But there’s loads to see along the way. How about a pitstop at the chilled surf and beach haven of Todos Santos, which has reliable beginner waves and chilled ocean hotels? How about going in the other direction to pass by the ancient reef habitats of the Cabo Pulmo, arguably Mexico’s best diving location?
We’d also recommend a stop at San José del Cabo. That’s one of the older towns in the region, offering a charming Mexicana core with cobbled streets and little cantinas. It’s connected to the buzzy nightlife hub of Cabo San Lucas by a long strip called The Corridor, essentially lux hotel after lux hotel by seriously wonderful beaches.
Some of the best beaches in Mexico
La Paz is lucky in that it’s hemmed in by some of the finest beaches on the whole Sea of Cortez. They are seriously striking stuff. We’re talking long, swirling sandbanks that slope into milky lagoons, all with the dramatic sierras of the desert rising right above. Yep – you’ll want the camera charged for this one!
One beaches really stands out from the rest. It is regarded not just as the best beach in the city but perhaps the best beach in all of Mexico. Cue Balandra. Known for having very shallow water, this little sliver of isolated paradise is probably the main reason you’ll want to visit La Paz. It’s a beautiful, idyllic, and relaxing location with wisps of cloud-white sand dashing beneath craggy headlands.
That’s not it, though. We’d also recommend a trip across to the isolated Isla Partida, which has little coves that could be out of Robinson Crusoe, or Playa El Tecolote, where a few chilled cocktail bars offer palapas on the cloud-white powder by the sea.
Sure, La Paz can be a place to laze and soak up the tan. It can be a spot to simply kick back in a lux hotel by the shoreline. However, it can also offer oodles of adrenaline to those who want it. That’s thanks to the closeness of both the mountains and the ocean.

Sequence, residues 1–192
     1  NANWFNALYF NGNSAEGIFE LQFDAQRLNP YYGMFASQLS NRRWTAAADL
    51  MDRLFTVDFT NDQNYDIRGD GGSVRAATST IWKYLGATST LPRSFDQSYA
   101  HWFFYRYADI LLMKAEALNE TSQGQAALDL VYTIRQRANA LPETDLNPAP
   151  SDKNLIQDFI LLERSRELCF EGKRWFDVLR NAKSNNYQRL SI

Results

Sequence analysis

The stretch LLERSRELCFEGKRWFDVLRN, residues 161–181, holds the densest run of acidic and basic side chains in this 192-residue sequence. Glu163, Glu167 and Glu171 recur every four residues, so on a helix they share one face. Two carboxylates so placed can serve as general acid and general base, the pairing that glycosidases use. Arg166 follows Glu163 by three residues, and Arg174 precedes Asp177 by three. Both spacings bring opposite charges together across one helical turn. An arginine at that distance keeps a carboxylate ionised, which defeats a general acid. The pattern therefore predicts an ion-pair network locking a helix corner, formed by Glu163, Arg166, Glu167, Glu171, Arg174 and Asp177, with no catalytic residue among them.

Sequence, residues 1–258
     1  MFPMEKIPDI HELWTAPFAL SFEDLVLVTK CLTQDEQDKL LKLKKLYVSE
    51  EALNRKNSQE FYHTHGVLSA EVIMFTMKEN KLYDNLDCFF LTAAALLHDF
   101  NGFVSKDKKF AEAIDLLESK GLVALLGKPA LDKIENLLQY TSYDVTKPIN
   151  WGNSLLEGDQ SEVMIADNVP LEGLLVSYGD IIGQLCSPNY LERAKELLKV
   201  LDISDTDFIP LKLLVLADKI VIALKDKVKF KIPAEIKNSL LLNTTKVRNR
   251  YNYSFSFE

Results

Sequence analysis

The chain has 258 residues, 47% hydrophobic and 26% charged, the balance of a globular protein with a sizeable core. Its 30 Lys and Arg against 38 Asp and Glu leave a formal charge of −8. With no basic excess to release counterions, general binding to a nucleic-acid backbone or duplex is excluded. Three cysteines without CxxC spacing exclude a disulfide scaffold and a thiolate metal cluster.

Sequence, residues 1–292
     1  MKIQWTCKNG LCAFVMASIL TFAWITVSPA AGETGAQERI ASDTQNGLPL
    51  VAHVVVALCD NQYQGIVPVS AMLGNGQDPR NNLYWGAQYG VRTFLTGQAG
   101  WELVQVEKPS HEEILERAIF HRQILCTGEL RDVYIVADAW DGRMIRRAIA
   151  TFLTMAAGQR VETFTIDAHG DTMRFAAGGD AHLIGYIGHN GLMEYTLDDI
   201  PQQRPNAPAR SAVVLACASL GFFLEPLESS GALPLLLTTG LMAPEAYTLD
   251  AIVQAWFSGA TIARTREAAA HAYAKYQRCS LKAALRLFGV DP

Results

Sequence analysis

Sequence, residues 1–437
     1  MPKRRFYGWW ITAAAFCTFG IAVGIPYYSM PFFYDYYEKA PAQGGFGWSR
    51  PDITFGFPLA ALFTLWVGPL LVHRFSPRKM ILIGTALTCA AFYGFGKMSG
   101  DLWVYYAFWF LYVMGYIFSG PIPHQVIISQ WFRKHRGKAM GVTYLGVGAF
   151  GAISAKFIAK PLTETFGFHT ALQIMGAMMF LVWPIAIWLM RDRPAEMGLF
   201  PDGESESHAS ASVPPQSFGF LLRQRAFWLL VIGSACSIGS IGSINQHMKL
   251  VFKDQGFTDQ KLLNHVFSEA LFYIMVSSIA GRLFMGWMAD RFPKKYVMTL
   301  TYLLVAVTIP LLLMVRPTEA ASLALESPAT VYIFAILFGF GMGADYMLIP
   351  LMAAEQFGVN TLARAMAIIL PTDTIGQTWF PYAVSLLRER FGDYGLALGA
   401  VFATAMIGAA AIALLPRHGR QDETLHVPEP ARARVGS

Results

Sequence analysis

On the water, some of the top draws include diving – the scuba reefs of the Cabo Pulmo are especially popular – and sea kayaking – there are stacks of surrounding islands with umpteen coves to explore. Talking of surrounding islands, the likes of Isla del Espiritu Santo, just a short ferry away, can provide open-air campsites on the beach for those who really want to escape the crowds.
Prefer to stay on dry land? Pull on the hiking boots and grab the trekking poles – there are dramatic cave trails on the Cerro de la Calavera headland and longer walks in the Sierra de Laguna to the south. On top of that, you’ll probably be able to find 4X4 or quad biking outfitters, horse riding stables and even surf camps in Todos Santos.
La Paz is the perfect place to come to sample the unique kitchen of the Baja California region. It’s a taste-bud-tingling mix of flavors, bringing in influences from the desert and the sea, with fresh fish and plenty of spice, along with just a touch of the Tex-Mex pizzazz courtesy of the nearby USA.
There are a few specialties you 100% should not miss. First up are the region’s very own chocolate clams. Don’t worry, there’s not an ounce of cocoa in sight. Instead, these tangy shellfish are named for the color of their outer conch and are usually served in a marinade of garlic and butter. You should also tuck into a zingy campechana cocktail, which is sort of Mexico’s answer to Peru’s ceviche.
The cantinas by the Malecon and the main tourist parts of town are pretty fantastic at catering to all tastes, though. Head down and you’ll find everything from fast food to fish taco stands, cocktail lounges to pizza joints. It’s not a city to go hungry in, that’s for sure.
Is La Paz, Mexico, worth visiting? Our conclusion
Is La Paz, Mexico, worth visiting? For sure! Although it’s the capital of the Baja California Sur region, this town on the side of the Sea of Cortez is nowhere near as visited as others in the region, most notably Cabo to the south. However, it’s not only a fantastic gateway to those. It’s also a diving mecca with access to some of Mexico’s oldest reef systems, a beach hub with striking lagoon beaches, a bustling university town with a welcoming local population, and a great base for hiking and kayaking your way around the peninsula.